My eyes are full of streams,
My heart takes no delight
To see the fruits and joys that some do find,
And mark the storms to me assigned,
My faith is ever true,
Yet will she never rue,
Nor yield me any grace;
Her eyes of fire, her heart of flint is made,
Whom tears nor truth may once invade.
Draw forth thy wounding dart,
Thou canst not pierce her heart,
For I that to approve,
By sighs and tears more hot than are thy shafts,
Did tempt, while she for [mighty]1 triumph laughs.
Wednesday, September 1, 2010
Last post on Jan Karon
She was having dinner with
Esther's Orange Marmalade Cake
For the cake
1 cup unsalted butter, softened, more for greasing the pans
3 1/4 cups cake flour, more for dusting the pans
1 tablespoon baking powder
1 teaspoon salt
2 2/3 cups granulated sugar
5 large eggs, at room temperature
4 large egg yolks, at room temperature
2/3 cup vegetable oil
1 tablespoon grated orange zest
2 teaspoons vanilla extract
1 cup buttermilk, at room temperature
For the orange syrup
1 cup freshly squeezed orange juice
1/4 cup granulated sugar
For the filling
1 (12-ounce) jar orange marmalade
For the frosting
1 cup heavy cream, chilled
4 tablespoons granulated sugar
1 cup sour cream, chilled
The cake. Preheat the oven to 350°F. Lightly butter three 9-inch round cake pans, line them with parchment paper, then lighly butter and flour the paper, shaking out the excess.
Sift the flour, baking powder, and salt into a large bowl. Sift a second time into another bowl. In the bowl of an electric mixer, beat the butter on medium speed until light in color, about 4 minutes. Add the 2 2/3 cups sugar in a steady stream with the mixer running. Beat until light and fluffy, about 4 minutes. Add the eggs and yolks, one at a time, beating well after each addition. Be sure to stop at least once to scrape down the batter from the sides of the bowl. After all the eggs have been added, continue to beat on medium speed for 2 more minutes. With the mixer on low speed, add the oil and beat for 1 minute. In a small bowl, combine the orange zest, vanilla, and buttermilk. Using a rubber spatula, fold in half of the dry ingredients. Scrape down the sides of the bowl and add half of the buttermilk mixture. Fold in the remaining dry ingredients, scrape down the sides, and add the remaining buttermilk.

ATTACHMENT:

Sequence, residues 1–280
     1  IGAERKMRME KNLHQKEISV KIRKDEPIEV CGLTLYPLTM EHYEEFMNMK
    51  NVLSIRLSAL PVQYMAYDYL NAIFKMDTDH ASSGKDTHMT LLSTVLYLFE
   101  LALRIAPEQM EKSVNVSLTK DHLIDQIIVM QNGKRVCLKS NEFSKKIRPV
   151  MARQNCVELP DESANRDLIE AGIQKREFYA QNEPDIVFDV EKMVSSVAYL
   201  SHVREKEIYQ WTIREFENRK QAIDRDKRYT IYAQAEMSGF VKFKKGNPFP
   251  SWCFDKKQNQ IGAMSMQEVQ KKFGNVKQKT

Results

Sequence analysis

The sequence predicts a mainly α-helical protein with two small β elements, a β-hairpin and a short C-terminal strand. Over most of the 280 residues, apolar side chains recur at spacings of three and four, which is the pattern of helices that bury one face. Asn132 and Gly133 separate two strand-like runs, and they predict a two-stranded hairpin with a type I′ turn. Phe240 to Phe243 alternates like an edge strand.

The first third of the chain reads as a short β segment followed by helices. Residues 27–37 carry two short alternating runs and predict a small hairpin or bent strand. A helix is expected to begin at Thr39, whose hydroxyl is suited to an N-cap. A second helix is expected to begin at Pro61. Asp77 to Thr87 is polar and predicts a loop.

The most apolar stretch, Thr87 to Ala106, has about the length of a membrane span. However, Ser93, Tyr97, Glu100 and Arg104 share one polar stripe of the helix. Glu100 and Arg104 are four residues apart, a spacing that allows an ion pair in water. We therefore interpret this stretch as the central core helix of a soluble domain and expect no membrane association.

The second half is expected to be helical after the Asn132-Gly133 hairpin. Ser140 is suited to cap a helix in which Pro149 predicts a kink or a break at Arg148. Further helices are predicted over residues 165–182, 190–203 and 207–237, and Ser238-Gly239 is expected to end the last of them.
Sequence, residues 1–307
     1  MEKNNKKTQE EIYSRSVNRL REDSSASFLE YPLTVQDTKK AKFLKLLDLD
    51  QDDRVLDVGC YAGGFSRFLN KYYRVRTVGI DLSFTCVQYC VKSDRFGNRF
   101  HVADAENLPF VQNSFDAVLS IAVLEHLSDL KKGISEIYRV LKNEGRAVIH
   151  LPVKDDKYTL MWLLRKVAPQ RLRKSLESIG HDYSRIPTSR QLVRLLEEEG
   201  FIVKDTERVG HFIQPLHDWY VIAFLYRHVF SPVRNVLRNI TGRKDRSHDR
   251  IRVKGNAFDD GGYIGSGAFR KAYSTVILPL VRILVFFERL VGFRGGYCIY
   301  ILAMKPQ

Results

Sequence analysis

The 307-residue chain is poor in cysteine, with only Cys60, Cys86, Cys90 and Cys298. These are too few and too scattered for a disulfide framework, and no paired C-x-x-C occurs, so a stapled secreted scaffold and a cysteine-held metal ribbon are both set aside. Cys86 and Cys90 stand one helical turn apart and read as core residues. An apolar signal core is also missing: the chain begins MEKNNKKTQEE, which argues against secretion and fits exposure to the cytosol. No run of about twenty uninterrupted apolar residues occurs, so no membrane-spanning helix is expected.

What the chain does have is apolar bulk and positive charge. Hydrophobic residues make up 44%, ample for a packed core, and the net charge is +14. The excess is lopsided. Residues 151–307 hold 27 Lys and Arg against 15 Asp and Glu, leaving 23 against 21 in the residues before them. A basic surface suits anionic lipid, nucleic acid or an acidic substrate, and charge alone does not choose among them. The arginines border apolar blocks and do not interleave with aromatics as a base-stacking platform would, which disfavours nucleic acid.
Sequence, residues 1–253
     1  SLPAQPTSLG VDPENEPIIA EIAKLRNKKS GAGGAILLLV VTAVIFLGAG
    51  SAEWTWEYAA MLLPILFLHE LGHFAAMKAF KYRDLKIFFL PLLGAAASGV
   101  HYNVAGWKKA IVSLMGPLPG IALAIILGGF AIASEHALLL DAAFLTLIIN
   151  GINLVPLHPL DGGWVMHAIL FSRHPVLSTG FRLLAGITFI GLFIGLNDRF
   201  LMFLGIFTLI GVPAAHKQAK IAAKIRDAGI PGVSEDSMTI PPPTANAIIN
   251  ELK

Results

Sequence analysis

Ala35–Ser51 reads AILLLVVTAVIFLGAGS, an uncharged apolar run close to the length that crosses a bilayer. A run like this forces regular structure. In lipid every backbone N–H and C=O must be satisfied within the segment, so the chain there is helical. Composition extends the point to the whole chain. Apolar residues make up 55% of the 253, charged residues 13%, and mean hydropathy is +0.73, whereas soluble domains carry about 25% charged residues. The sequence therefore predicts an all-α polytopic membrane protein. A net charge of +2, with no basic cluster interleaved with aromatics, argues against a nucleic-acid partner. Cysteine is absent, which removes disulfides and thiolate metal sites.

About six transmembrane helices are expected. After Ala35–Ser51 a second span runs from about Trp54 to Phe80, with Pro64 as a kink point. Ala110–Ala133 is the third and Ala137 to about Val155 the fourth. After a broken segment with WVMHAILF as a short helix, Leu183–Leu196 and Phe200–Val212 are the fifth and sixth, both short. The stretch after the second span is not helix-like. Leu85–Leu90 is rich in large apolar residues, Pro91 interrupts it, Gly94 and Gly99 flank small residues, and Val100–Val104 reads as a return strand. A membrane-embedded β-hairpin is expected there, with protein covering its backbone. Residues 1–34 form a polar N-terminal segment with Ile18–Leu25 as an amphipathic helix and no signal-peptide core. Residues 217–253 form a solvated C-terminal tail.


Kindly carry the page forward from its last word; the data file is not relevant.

Pour the batter among the prepared pans, smooth the surface, rap each pan on the counter to expel any air pockets or bubbles, then place in the oven. Bake for 30 to 35 minutes, or until a toothpick inserted into the center comes out clean. Let the cakes cool in the pans on racks for 20 minutes.
The orange syrup. In a small bowl, stir together the orange juice and 1/4 cup sugar until the sugar is dissolved. While the cakes are still in the cake pans, use a toothpick or skewer to poke holes at 1/2-inch intervals in the cake layers. Spoon the syrup over each layer, allowing the syrup to be completely absorbed before adding the remainder. Let the layers cool completely in the pans.
The filling. Heat the marmalade in a small saucepan over medium heat until just melted. Let cool for 5 minutes.
The frosting. In a chilled mixing bowl, using the wire whisk attachment, whip the heavy cream with the 4 tablespoons sugar until stiff peaks form. Add the sour cream, a little at a time, and whisk until the mixture is a spreadable consistency.
To assemble the cake. Invert one of the cake layers on a cake plate and carefully peel off the parchment. Spread one-third of the marmalade over the top, smoothing it into an even layer. Invert the second layer on top of the first, peel off the parchment, and spoon another third of the marmalade on top. Place the third cake layer on top, remove the parchment, and spoon the remaining marmalade onto the center of it, leaving a 1 1/4-inch border around the edges. Frost the sides and the top border with the frosting, leaving the marmalade on top of the cake exposed. Or, if you prefer, frost the entire cake first, adding the marmalade as a garnish on top.
Chill for at least 2 hours before serving.